U.S. 'has not yet reached the mountaintop,' says new civil rights commission chair
"We have not yet reached the mountaintop. I am deeply grateful that it is my job to help us get there and to push every day as hard as I can so that we will," Catherine Lhamon, the new chair of the U.S. Commission on Civil Rights, says.
Since President Donald Trump's Jan. 20 inauguration, he has issued roughly two dozen executive orders and sent dozens more tweets.
Many of those actions have dealt with issues of civil justice, which has made Catherine Lhamon's introduction to her new job as the chair of the U.S. Commission on Civil Rights eventful, to say the least.
"It is our job on the commission to be the federal eyes and ears for every American every day on every issue that affects civil rights," said Lhamon, who led the Department of Education's Office of Civil Rights under the Obama administration. "That's a daunting task but also an enormous privilege."
In her role, Lhamon wants the commission to identify and propose more U.S. civil rights policy recommendations, to respond to more civil rights complaints and to produce more reports that examine what progress has been made in expanding civil rights nationwide and what challenges remain.
"We are in a present where we have not yet reached the mountaintop," Lhamon told PBS NewsHour.
The commission, established six decades ago by Congress, will convene Feb. 24 for its first meeting since Mr. Trump's inauguration. The agenda includes testimony from Karen Korematsu, whose father, Fred Korematsu, was sent to an internment camp during World War II under an executive order issued by President Franklin D. Roosevelt in 1942. More than 100,000 Japanese-Americans were sent to internment camps. Korematsu later challenged the federal government's authority to round up and imprison citizens and residents solely based on their ethnic heritage.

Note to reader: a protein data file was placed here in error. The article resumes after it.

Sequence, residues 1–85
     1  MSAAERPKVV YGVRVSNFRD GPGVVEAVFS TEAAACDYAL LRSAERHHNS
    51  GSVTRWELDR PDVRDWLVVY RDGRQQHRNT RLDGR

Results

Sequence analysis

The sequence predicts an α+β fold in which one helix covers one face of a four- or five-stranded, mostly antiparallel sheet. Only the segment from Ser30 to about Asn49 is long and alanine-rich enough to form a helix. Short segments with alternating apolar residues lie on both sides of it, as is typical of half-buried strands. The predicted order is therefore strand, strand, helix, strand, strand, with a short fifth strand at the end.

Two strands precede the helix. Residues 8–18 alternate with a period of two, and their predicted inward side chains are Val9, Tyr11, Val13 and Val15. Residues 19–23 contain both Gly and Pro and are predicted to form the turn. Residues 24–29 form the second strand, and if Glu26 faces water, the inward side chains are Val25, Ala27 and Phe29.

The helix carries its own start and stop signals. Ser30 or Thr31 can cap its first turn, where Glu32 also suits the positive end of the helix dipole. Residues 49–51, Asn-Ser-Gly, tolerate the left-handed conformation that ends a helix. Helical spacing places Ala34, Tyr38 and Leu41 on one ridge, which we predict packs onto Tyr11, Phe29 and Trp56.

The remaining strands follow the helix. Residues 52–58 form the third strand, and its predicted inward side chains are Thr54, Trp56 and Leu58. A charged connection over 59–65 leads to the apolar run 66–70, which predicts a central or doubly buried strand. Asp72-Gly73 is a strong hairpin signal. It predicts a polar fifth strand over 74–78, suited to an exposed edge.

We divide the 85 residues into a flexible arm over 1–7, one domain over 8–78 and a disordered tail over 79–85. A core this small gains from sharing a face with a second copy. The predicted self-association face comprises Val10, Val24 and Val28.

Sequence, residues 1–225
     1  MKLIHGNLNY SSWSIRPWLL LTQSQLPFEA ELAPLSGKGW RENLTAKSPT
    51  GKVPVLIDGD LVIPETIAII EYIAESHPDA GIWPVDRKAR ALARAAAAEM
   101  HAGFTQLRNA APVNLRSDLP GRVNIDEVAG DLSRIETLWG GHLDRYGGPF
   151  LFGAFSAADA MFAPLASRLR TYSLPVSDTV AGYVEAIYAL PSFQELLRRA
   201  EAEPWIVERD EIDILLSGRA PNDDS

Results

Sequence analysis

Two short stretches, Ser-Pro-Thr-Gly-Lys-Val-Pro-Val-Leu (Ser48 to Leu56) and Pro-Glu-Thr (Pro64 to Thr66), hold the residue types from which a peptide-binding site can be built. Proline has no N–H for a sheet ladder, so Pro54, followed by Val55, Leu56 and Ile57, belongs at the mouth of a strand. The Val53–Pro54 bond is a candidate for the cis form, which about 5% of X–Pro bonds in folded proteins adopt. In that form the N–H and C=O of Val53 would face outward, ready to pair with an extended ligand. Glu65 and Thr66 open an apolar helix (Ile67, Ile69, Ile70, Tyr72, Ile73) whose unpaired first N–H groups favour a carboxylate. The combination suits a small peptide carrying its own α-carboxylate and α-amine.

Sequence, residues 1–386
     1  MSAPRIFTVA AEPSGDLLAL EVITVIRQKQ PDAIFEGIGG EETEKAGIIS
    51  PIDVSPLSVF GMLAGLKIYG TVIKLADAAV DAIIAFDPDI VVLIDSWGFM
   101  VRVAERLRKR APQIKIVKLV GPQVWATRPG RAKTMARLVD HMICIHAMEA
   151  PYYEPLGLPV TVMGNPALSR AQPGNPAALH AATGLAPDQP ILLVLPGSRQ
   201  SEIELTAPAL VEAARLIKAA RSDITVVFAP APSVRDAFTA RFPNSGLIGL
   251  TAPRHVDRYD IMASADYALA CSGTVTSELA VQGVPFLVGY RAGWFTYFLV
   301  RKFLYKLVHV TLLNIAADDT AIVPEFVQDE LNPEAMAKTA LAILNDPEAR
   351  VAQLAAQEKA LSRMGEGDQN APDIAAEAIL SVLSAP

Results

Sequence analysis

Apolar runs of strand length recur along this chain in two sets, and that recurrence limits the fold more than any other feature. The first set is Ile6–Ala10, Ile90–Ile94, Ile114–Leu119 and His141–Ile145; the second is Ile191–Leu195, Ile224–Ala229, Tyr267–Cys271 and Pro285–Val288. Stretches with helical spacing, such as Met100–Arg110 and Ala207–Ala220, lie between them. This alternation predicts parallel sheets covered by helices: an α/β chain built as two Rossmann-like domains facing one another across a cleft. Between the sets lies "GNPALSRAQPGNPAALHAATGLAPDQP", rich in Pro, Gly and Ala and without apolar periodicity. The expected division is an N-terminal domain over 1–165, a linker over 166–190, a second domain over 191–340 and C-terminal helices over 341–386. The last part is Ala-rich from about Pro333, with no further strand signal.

Lhamon says she will look to continue that fight as Trump cracks down on who can enter the country and how they are vetted.
"I'm very grateful that the courts have stepped in to take appropriate action to make sure that we can satisfy our nation's core democratic principles. That is democracy working well," Lhamon says of the immigration ban.
An early executive order from Trump that temporarily banned immigration from seven Muslim-majority nations was suspended by a federal court. But Lhamon says her office will be looking at any revisions Trump makes to that order going forward.
"It is well within the commission's mission to examine whether religious animus drives government action, to examine whether national origin discrimination drives government action, and to make recommendations for change," Lhamon says.
Trump is also cracking down on those living in the U.S. illegally. Immigrations Customs and Enforcements officials, under a new series of memos from the Department of Homeland Security, are more aggressively detaining those they believe to be undocumented immigrants. Recent raids conducted by ICE rounded more than 600 people in a week, though officials said those raids are no different than those carried out under President Barack Obama.
Some of these actions, including an 8-year prison sentence for a woman accused of voter fraud earlier this month, have made people fearful, Lhamon says.
The decision by a Texas judge to sentence Rosa Maria Ortega — a permanent resident who came to the United States as an infant — to eight years in prison for voter fraud can be seen by some as a political verdict, Lhamon said, one that could propel Trump's unsubstantiated claims of widespread voter fraud.
One of the reasons we continue to have issues getting people to the polls is fear, Lhamon says.
If there's voter fraud, the U.S. should protect against it. But research has shown that's not the case. It's "offensive and dangerous to suggest there is rampant voter fraud" in a country that still struggles to secure voter access to the polls.In 2016, fewer than two-thirds of eligible U.S. voters cast their ballots, according to the United States Elections Project.
Martin Luther King Jr. and other civil rights activists worked to secure the 1965 Voting Rights Act, and wanted to see a world without poverty or war, said Clayborne Carson, who directs the Martin Luther King, Jr., Research and Education Institute at Stanford University.
"King would be disappointed that so much of (our) energy is devoted to defending past civil rights gains rather than envisioning (and) expanding human rights throughout the world," Carson wrote the NewsHour.
Lhamon's life is an outgrowth of that movement. Her African-American mother rode in the back of the bus and attended segregated schools. It was illegal to marry her husband, Lhamon's white father, in the state of Virginia. Lhamon wants her own children grow up "in a more equal America."
"I am deeply grateful that it's my job to help us get there," she said.